No. 464 - St John the Evangelist at Wilmot

Wilmot is a village on the Wilmot Road approximately 30 kilometres south of Ulverstone. The district was named after Sir John Eardley-Wilmot, who was the first non-military Governor of Tasmania. The area wasn't settled until the 1890s and was called “The Junction” by the locals. Settlers were challenged with the difficult task of clearing land which was densely timbered and where roads were poor in an isolated district difficult to access. In 1899 a visiting reporter for the Examiner wrote:

“I might state that I asked a leading resident of the Upper Wilmot what name it was proposed to bestow on the new settlement, and he replied: "Well, if the Premier treats us handsomely in the matter of roads, we will call the place "Braddon Town or Braddonville."

In 1903 the settlement was officially proclaimed as Wilmot and by this time it had two churches; a Wesleyan Methodist church built in 1899 and an Anglican church, St John the Evangelist, which opened two years earlier. Little is known of the early years of the Anglican church and I have found only a single newspaper reference to the church’s establishment in 1897:

“A correspondent writes from Upper Wilmot : — The district has been making rapid strides owing to tho energy of its settlers, and an instance of its progress may be taken the fact that a piece of land has been given by Mr Diprose on which a building for an English Church is to be erected, and which will also be used as a State school. I hear that there will be between twenty and thirty scholars. On Tuesday a working bee was held, when a number of energetic residents took an active part in helping to fell the timber and clear the land, and the ladies…provided the refreshments well deserved by the workers.…”

I have found no reference to the church’s opening but it did feature in a report published in mid 1899 when it was used as a public hall for a visiting group of parliamentarians who were investigating the establishment of a Kentishbury Railway. The parliamentary group was met by a reception committee opposite the Church of England:

“The township of Wilmot, though situated right in the midst of the woods, was quite en fete for the occasion, and it appeared as if the whole of the population for miles around, ladies included, had turned out to pay homage to the distinguished visitors. A line, or probably what in cities would be designated a triumphal arch, extended across the road opposite Mr T. J. Clerke's store. From this depended a banner on which was emblazoned the word “Welcome”, truly an appropriate index to the hospitality of the good folk of the Wilmot, while on either side the British ensign was conspicuously displayed. The building recently erected for tho Church of England was called into requisition as a public hall for the occasion. The entrance was decorated with bunting in miniature, and a nice little show of some of the products of the district in farm and garden, and specimens of copper and silver ores from the Falls Creek, was set up outside the building….Three hearty cheers were given for the visitors. Mr L. Vaughan in a few appropriate words, extended a cordial welcome on behalf of the Wilmot settlers, who had arranged to entertain the visitors in the church. The interior was decorated with fern fronds, and two improvised dining tables extended, throughout the entity length of the building”.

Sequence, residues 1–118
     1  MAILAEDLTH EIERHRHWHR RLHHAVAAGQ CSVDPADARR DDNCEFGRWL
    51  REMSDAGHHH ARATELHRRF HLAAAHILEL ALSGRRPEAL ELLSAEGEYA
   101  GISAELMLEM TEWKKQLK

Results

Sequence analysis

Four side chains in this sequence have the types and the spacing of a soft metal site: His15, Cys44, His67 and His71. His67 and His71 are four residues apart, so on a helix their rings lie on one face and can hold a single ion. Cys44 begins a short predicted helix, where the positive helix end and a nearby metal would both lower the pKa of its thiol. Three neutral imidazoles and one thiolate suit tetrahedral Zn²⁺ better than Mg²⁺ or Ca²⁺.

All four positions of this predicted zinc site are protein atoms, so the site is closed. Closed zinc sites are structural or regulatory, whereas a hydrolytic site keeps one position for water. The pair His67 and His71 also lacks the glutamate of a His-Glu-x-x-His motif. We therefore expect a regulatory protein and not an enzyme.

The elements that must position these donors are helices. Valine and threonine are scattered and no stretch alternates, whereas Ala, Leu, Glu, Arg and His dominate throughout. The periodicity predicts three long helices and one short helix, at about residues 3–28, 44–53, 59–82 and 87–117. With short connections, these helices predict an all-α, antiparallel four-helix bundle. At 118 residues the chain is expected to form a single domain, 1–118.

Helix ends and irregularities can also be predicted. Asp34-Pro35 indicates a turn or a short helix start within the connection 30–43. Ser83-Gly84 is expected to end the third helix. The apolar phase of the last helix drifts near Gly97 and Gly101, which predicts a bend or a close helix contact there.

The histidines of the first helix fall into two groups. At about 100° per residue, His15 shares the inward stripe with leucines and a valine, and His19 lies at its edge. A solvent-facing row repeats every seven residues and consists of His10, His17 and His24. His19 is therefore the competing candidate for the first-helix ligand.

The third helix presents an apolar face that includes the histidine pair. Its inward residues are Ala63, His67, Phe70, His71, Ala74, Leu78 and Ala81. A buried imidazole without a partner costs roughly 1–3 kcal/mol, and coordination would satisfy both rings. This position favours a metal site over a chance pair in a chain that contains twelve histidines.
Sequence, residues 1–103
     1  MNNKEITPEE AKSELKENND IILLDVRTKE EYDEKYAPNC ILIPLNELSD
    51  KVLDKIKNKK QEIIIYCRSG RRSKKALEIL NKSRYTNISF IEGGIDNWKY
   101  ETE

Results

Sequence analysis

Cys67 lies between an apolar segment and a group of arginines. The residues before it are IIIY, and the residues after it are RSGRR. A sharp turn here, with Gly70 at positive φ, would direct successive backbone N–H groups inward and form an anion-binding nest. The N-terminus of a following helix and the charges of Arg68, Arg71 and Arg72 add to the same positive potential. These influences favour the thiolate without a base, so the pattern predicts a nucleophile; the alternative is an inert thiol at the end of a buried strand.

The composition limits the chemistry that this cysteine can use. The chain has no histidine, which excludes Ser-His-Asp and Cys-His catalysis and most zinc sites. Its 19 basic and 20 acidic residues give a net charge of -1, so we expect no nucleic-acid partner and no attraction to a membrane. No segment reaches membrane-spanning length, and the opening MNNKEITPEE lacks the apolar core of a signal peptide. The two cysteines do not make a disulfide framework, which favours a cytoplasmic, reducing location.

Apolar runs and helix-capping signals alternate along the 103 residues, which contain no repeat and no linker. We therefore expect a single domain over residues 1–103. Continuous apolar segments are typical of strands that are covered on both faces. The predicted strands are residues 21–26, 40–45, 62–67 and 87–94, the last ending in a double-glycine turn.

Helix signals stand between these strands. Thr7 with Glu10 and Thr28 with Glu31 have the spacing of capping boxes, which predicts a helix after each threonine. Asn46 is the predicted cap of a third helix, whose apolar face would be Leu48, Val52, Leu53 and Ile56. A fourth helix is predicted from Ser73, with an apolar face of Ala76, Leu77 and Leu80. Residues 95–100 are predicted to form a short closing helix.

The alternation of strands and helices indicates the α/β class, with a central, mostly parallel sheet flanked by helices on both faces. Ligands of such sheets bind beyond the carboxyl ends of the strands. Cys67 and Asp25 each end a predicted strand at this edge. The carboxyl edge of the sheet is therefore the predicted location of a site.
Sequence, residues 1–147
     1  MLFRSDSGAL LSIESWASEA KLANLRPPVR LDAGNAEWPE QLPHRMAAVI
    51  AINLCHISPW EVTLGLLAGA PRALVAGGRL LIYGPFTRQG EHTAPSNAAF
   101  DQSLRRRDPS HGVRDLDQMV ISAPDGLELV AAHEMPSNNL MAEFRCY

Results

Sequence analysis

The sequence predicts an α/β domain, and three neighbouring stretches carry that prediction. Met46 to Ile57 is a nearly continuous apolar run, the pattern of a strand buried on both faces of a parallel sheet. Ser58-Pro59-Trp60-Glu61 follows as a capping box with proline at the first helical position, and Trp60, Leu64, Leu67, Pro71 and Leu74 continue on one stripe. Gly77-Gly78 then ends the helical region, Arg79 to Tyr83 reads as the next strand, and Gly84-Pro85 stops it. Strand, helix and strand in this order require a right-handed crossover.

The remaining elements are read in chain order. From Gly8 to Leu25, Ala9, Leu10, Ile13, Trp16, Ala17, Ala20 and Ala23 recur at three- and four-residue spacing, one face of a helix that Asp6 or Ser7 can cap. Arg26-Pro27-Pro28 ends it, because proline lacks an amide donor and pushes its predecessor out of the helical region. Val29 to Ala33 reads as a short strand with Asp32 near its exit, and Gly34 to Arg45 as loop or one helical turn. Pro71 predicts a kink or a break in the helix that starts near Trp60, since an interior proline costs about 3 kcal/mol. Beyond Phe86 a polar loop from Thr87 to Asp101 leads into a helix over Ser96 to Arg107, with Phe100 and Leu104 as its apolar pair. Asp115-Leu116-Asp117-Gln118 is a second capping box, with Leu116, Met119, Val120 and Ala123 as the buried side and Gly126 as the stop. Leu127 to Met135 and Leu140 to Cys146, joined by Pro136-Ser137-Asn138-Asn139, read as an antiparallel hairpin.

Wilmot never got a railway line but the district did prosper and the population swelled to about 1100 people at its peak. It has now shrunk to around 300 and the Anglican church closed about twenty years ago. The building now houses the Wilmot Museum and Information Centre which has a remarkable collection of historical artifacts and memorabilia relating to the history of the district including settlements at Erriba, Daisy Dell, Moina and Cethana.

Photograph: Duncan Grant 2019

Photograph: Duncan Grant 2019

Photograph: Duncan Grant 2019

Photograph: Duncan Grant 2019

Photograph: Duncan Grant 2019

Photograph: Duncan Grant 2019
The original church organ. Photo: Duncan Grant

Wilmot's Honour Roll now housed in the Wilmot Museum - Photo: Duncan Grant

The original font - Photo: Duncan Grant

The Royal Antedeluvian Order of Buffaloes - the Wilmot Order - Photo: Guncan Grant

A view of the sanctuary - with original altar rails visible on the left

The location of Wilmot - source:


The North West Post, Saturday 10 April 1897, page 2

Federalist, Saturday 5 November 1898, page 11
The North Western Advocate and the Emu Bay Times, Monday 3 July 1899, page 2
Launceston Examiner, Friday 5 May 1899, page 2
Advocate, Thursday 20 May 1948, page 4

Henslowe, Dorothea I and Hurburgh, Isa Our heritage of Anglican churches in Tasmania. Mercury-Walch, Moonah, Tas, 1978.


Popular posts from this blog

Welcome to Churches of Tasmania

No. 624 - Dunalley - St Martin's Anglican Church - "In grateful memory of the men who fought in the Great War"

No. 592 - Gretna - St Mary the Virgin - "Worthy of Imitation"